An Atheist Jewish film director was tripping balls while he was thumbing through Genesis in the Old Testament and said "I can do something with this" when he got to the Great Flood story. I want to personally shake Darren Aronofsky's hand for my enjoyment today finally seeing NOAH and watching Florida Bible Belters' faces contort and heads shake over the most unBiblical Bible movie they have ever seen.

The word GOD is not even mentioned once, an evolution sequence is shown in the Creation story, and I got to cheer over watching animal abusers and rapers of the environment get deep-sixed. Noah turns into a psycho, biblical Abraham-meets-Jack Nicholson from The Shining, Emma Watson couldn't be any more cuter-as-a-button, and there's ROCK MONSTER GIANTS (Nephilim) that help build the ark and kick the snot out of an invading horde attempting to invade the big ass boat.

It was 85 today in Jacksonville FL, and I wore my Darwin fish T shirt all bleached white and smelling like Downy, cause evangelical babes love Darwin T shirts that smell like Downy, and reminded some tight-assed cloud heads next to me who said the movie was not based on Religion, that the movie was indeed religion based - JUST NOT THEIR RELIGION. All the gaps in the Old Testament story were filled in with the Jewish mysticism of the Book of Enoch, that didn't quite pass muster with the Captain Jebus cadets. Now shaddup and wait for Russell Crowe's drunken nude scene. And YES, he was drunk and naked in the Old Testament too. Atheists be schoolin' these haters alla time.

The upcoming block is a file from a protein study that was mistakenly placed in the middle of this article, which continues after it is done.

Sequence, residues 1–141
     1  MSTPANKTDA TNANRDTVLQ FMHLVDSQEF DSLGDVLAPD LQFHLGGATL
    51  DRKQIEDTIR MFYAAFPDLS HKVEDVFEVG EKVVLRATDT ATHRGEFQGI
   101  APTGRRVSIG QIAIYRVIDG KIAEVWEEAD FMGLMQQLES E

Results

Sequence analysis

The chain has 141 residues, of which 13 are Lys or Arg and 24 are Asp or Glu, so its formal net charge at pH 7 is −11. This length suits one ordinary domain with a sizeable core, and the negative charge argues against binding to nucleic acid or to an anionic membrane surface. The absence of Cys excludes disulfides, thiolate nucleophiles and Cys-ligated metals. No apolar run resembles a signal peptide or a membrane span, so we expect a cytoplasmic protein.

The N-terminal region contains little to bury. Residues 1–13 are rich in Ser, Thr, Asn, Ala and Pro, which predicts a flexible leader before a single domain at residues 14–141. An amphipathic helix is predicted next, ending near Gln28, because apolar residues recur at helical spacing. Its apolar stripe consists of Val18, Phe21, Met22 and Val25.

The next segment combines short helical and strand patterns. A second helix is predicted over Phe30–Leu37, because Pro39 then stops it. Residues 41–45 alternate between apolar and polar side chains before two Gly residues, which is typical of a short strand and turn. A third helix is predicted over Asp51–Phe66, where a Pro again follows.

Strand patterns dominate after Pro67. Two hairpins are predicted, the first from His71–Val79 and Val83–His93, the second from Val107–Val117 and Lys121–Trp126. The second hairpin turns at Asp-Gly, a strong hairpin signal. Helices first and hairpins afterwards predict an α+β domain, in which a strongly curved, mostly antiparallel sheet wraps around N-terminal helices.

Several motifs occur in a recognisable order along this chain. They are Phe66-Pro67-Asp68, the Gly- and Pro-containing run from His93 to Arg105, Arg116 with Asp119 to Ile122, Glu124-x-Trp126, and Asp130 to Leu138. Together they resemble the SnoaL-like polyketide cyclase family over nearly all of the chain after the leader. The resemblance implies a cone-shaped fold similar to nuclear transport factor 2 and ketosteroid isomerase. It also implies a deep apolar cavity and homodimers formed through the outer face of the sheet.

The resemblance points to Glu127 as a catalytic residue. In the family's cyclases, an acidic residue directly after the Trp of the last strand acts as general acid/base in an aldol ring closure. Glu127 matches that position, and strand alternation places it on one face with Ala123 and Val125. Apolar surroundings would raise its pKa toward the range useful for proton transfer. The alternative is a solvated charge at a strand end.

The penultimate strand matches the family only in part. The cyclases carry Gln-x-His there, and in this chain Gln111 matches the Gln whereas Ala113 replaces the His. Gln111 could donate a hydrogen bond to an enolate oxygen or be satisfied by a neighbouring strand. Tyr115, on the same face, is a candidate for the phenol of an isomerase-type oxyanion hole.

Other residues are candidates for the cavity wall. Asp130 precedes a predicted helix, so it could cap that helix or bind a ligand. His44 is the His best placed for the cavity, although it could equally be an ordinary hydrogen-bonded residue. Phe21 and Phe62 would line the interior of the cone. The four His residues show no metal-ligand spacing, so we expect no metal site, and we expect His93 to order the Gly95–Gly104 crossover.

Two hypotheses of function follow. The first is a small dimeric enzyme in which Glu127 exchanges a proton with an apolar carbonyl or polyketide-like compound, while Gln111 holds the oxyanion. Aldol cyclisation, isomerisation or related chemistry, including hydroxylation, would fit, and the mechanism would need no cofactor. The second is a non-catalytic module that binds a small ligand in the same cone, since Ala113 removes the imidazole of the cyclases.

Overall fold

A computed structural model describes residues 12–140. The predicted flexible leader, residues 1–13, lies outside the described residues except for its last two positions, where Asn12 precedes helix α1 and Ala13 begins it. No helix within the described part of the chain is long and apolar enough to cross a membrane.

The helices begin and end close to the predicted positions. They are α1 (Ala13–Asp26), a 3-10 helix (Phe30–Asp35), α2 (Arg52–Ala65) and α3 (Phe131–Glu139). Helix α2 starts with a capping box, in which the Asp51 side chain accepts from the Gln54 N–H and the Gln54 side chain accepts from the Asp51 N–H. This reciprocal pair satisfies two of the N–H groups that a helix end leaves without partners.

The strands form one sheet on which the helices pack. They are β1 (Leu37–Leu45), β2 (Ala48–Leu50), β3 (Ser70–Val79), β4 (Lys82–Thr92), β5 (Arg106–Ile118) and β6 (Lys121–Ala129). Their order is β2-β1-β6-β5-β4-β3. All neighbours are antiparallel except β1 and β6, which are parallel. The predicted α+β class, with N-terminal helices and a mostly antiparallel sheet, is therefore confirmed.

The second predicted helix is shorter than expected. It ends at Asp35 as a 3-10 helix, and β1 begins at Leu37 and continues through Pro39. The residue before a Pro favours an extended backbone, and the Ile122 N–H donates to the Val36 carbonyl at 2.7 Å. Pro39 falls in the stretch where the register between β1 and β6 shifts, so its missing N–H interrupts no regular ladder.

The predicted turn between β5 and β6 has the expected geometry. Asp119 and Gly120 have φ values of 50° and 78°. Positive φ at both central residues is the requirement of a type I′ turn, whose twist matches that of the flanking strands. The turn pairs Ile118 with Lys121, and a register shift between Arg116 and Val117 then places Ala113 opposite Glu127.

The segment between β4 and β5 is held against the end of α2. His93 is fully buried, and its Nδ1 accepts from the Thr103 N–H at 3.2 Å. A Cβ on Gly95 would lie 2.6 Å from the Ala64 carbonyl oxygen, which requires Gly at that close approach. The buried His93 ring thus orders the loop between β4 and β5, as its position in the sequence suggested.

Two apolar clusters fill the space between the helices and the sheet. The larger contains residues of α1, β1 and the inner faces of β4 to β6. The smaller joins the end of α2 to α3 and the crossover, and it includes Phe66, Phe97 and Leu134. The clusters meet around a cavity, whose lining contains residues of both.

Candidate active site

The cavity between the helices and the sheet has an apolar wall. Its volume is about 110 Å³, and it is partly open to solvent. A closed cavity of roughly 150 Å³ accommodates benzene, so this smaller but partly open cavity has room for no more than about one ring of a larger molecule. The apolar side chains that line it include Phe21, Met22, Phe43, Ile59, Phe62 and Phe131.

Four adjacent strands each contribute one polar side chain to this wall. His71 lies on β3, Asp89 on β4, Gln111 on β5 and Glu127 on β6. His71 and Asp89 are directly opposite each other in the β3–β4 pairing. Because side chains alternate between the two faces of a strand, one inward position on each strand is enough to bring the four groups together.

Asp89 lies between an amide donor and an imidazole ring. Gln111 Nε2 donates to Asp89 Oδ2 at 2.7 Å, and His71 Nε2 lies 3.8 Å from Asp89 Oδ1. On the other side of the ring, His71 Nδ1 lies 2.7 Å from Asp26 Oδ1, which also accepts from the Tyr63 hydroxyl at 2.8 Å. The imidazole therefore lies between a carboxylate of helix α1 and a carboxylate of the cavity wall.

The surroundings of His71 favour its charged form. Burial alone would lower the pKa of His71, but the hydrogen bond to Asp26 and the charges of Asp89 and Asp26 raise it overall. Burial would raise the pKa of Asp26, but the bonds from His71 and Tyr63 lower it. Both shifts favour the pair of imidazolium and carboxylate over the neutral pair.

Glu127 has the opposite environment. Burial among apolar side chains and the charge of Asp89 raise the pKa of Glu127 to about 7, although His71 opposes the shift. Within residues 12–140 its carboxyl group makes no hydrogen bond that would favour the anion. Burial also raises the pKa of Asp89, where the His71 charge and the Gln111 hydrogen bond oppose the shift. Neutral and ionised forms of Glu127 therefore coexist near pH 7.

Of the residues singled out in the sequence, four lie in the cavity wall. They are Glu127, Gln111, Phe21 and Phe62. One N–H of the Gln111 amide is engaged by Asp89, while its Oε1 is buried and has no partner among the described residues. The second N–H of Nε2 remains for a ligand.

50 Comments

Chuck Raymond

1

Chuck Raymond commented…

An Atheist Jewish film director was tripping balls while he was thumbing through Genesis in the Old Testament and said "I can do something with this" when he got to the Great Flood story. I want to personally shake Darren Aronofsky's hand for my enjoyment today finally seeing NOAH and watching Florida Bible Belters' faces contort and heads shake over the most unBiblical Bible movie they have ever seen.

The word GOD is not even mentioned once, an evolution sequence is shown in the Creation story, and I got to cheer over watching animal abusers and rapers of the environment get deep-sixed. Noah turns into a psycho, biblical Abraham-meets-Jack Nicholson from The Shining, Emma Watson couldn't be any more cuter-as-a-button, and there's ROCK MONSTER GIANTS (Nephilim) that help build the ark and kick the snot out of an invading horde attempting to invade the big ass boat.

It was 85 today in Jacksonville FL, and I wore my Darwin fish T shirt all bleached white and smelling like Downy, cause evangelical babes love Darwin T shirts that smell like Downy, and reminded some tight-assed cloud heads next to me who said the movie was not based on Religion, that the movie was indeed religion based - JUST NOT THEIR RELIGION. All the gaps in the Old Testament story were filled in with the Jewish mysticism of the Book of Enoch, that didn't quite pass muster with the Captain Jebus cadets. Now shaddup and wait for Russell Crowe's drunken nude scene. And YES, he was drunk and naked in the Old Testament too. Atheists be schoolin' these haters alla time.

David A

3

David A commented…

I think some forget that the text reads that Noah was "blameless among his time." The word blameless is pretty clear -- it's the same word the Hebrews used to describe their lambs brought to sacrifice. It's the qualifier that leaves the text in question... he walked faithfully and blamelessly with God compared to everyone else. What does that mean exactly? How would Noah's walk be compared to the people of another time? Certainly it wasn't quite the same as Enoch's "walk" with God.